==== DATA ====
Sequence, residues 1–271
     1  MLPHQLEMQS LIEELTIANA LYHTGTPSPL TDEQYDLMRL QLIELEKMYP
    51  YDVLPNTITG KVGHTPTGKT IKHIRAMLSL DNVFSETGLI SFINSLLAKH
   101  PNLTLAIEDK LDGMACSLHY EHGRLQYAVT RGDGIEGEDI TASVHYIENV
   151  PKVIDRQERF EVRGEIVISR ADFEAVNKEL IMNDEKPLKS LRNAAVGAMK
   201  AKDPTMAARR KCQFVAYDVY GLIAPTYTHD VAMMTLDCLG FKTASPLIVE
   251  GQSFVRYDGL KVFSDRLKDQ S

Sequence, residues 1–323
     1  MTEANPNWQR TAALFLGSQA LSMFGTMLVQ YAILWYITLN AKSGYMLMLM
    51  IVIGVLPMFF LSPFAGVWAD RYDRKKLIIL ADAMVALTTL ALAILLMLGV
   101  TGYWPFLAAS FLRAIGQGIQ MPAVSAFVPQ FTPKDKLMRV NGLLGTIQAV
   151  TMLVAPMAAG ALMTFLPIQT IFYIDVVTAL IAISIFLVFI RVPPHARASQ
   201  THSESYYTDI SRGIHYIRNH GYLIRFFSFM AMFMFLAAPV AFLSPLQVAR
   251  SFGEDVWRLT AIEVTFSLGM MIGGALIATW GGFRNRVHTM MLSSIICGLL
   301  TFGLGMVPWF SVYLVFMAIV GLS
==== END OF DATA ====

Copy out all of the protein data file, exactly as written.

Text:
Sequence, residues 1–271
     1  MLPHQLEMQS LIEELTIANA LYHTGTPSPL TDEQYDLMRL QLIELEKMYP
    51  YDVLPNTITG KVGHTPTGKT IKHIRAMLSL DNVFSETGLI SFINSLLAKH
   101  PNLTLAIEDK LDGMACSLHY EHGRLQYAVT RGDGIEGEDI TASVHYIENV
   151  PKVIDRQERF EVRGEIVISR ADFEAVNKEL IMNDEKPLKS LRNAAVGAMK
   201  AKDPTMAARR KCQFVAYDVY GLIAPTYTHD VAMMTLDCLG FKTASPLIVE
   251  GQSFVRYDGL KVFSDRLKDQ S

Sequence, residues 1–323
     1  MTEANPNWQR TAALFLGSQA LSMFGTMLVQ YAILWYITLN AKSGYMLMLM
    51  IVIGVLPMFF LSPFAGVWAD RYDRKKLIIL ADAMVALTTL ALAILLMLGV
   101  TGYWPFLAAS FLRAIGQGIQ MPAVSAFVPQ FTPKDKLMRV NGLLGTIQAV
   151  TMLVAPMAAG ALMTFLPIQT IFYIDVVTAL IAISIFLVFI RVPPHARASQ
   201  THSESYYTDI SRGIHYIRNH GYLIRFFSFM AMFMFLAAPV AFLSPLQVAR
   251  SFGEDVWRLT AIEVTFSLGM MIGGALIATW GGFRNRVHTM MLSSIICGLL
   301  TFGLGMVPWF SVYLVFMAIV GLS